We Need More Wonder And Awe In Our Lives
I was standing on a boat in water so calm it was almost flat. The boat’s engines were off, allowing the soft sounds of nature to be heard. We came to this spot with the hope of seeing orcas in their natural habitat.
We saw a fin rise above the surface, then another one. As we scanned the horizon, excited for more sightings, we realized we didn’t have to look very hard. We heard the telltale whoosh of their exhales. They were all around us… whoosh whoosh whoosh.
The sound was mesmerizing. I was overcome with wonder and awe at the sight and sound of these magnificent creatures. It was magical.
I’ve thought of that moment many times. What was it about that experience that made it so memorable?
I felt alive with the thrill of discovery.
All of my senses were focused on what was happening around me.
I felt connected to the natural world.
And I wasn’t thinking about a to-do list, unread emails, and responsibilities that I left behind.
It was powerful.
How often do we get to feel that awe-infused sense of aliveness? That connection to something greater than yourself?
If you’re anything like me, the answer is: not enough.
And that makes me feel sad – for myself and for anyone else who is awe-deprived.
Without awe and wonder, life starts to lose its sparkle. We fall into a tedious grind, with little cause for joy or discovery or serendipitous surprises. We miss the beauty around us. We end up slogging through our days wondering, is this it? Is this all there is?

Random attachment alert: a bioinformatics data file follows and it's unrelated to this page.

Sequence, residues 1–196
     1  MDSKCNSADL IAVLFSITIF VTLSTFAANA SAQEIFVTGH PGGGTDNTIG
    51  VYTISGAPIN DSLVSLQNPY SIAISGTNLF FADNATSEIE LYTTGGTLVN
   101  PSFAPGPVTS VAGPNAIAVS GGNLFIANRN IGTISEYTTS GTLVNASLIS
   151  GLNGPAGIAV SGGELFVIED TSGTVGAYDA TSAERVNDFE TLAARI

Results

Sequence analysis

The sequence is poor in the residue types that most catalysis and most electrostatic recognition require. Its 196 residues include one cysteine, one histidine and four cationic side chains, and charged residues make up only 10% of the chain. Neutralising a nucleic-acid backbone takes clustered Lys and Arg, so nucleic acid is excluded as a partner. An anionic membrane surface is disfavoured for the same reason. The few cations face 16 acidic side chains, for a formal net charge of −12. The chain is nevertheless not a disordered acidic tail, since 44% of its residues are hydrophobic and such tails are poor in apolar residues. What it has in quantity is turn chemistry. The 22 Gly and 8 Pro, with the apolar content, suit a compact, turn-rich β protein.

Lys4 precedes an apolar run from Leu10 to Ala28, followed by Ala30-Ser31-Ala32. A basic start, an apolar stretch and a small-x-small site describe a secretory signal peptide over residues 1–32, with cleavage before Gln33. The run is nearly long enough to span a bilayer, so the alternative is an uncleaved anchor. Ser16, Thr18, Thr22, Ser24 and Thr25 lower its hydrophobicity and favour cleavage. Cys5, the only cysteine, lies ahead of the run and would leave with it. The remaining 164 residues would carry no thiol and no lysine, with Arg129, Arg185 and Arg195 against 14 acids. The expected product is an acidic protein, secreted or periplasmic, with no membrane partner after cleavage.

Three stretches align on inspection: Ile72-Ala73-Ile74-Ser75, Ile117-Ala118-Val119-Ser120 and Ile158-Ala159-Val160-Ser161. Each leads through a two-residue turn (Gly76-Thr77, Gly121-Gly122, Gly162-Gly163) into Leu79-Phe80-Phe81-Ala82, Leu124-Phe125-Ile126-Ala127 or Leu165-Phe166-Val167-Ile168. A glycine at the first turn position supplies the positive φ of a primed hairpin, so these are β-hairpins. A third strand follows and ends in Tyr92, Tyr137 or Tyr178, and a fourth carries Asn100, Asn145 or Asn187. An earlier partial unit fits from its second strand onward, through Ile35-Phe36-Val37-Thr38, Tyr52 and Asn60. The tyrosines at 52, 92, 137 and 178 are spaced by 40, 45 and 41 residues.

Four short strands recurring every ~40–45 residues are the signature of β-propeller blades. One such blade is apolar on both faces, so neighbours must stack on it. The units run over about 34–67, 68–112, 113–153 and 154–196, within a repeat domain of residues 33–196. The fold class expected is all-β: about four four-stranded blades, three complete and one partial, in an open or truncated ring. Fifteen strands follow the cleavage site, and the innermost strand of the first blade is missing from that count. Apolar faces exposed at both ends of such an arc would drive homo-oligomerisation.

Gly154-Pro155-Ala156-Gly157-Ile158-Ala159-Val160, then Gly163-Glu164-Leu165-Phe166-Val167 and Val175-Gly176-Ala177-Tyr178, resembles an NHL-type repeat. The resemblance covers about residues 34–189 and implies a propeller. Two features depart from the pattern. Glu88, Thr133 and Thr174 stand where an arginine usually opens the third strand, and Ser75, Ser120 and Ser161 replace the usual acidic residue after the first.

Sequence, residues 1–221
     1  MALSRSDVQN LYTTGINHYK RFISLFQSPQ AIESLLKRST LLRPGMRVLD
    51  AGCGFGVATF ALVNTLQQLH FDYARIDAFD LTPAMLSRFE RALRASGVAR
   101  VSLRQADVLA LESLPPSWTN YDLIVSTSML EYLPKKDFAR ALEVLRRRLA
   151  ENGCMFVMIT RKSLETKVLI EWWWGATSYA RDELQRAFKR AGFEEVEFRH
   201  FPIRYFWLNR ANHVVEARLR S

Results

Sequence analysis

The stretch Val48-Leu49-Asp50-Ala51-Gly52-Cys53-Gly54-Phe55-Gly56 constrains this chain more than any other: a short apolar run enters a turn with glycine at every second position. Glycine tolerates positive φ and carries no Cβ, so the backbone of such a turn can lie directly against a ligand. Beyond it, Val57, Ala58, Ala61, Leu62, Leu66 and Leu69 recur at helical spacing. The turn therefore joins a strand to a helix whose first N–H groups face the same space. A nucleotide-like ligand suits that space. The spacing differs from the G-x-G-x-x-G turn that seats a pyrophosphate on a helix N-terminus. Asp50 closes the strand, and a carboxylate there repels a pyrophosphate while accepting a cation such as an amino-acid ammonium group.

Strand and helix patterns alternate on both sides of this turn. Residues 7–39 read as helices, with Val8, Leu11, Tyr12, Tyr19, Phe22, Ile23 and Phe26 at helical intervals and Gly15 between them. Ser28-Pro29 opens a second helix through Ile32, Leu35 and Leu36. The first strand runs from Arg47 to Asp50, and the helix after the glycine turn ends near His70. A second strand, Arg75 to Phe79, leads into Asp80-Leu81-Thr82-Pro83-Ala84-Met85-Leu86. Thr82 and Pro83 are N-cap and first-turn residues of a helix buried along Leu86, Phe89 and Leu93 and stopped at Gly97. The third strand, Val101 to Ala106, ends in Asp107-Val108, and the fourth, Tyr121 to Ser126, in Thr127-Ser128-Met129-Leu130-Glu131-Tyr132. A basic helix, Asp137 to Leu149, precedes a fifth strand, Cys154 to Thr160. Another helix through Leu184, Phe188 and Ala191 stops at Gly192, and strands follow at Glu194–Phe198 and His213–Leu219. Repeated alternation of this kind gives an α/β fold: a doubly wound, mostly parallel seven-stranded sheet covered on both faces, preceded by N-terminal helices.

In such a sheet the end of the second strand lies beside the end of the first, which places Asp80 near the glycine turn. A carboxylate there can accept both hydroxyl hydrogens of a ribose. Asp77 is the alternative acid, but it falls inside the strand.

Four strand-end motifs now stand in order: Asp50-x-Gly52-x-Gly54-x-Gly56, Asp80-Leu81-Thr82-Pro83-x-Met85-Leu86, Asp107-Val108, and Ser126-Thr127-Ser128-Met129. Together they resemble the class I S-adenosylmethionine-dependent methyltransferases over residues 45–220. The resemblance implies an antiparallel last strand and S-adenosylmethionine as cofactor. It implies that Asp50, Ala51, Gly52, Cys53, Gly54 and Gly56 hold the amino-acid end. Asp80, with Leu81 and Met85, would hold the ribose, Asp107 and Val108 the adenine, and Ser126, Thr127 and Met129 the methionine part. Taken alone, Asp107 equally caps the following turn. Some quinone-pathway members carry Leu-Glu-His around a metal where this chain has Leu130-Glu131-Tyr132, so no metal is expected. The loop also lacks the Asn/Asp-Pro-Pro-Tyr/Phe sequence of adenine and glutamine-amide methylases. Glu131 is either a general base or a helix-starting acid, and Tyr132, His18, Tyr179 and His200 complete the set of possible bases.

That’s a sign we need more experiences like I had that day on the boat.
And the good news is: we’re meant to feel wonder and awe. We’re wired for it.
Recent research shows that feeling awe gives a boost to our body’s defense system against physical and mental illness. So, along with getting a good night’s sleep, eating healthy food and exercising your body, we can add feeling awe to our wellness toolbox.
I say “hooray!” to that. The more tools we have to tend to our well-being, the better off we’ll be. Because even though we all know that good sleep, healthy food, and exercise are good for us, it’s not always easy to keep up. Life happens. By adding awe to our self-care routine, we have another option to draw upon when we need a boost.
A curious thing about awe is that it doesn’t seem like something we have control over. I used to assume that it was something that I would be lucky enough to find when I happened to be in the right place at the right time. That it was outside of ordinary day-to-day life.
And to be honest, it can be that way. After all, I live in a landlocked city – it’s not every day that I’m on a boat watching for whales.
But what those whales helped me understand was that not only can I seek out extraordinary experiences of awe and wonder, I can find ways to bring more awe and wonder into my daily life.
We can create the space and the opportunity for the experience of awe to happen.
It’s not hard to do, but it does require intention, awareness and openness to what’s around us.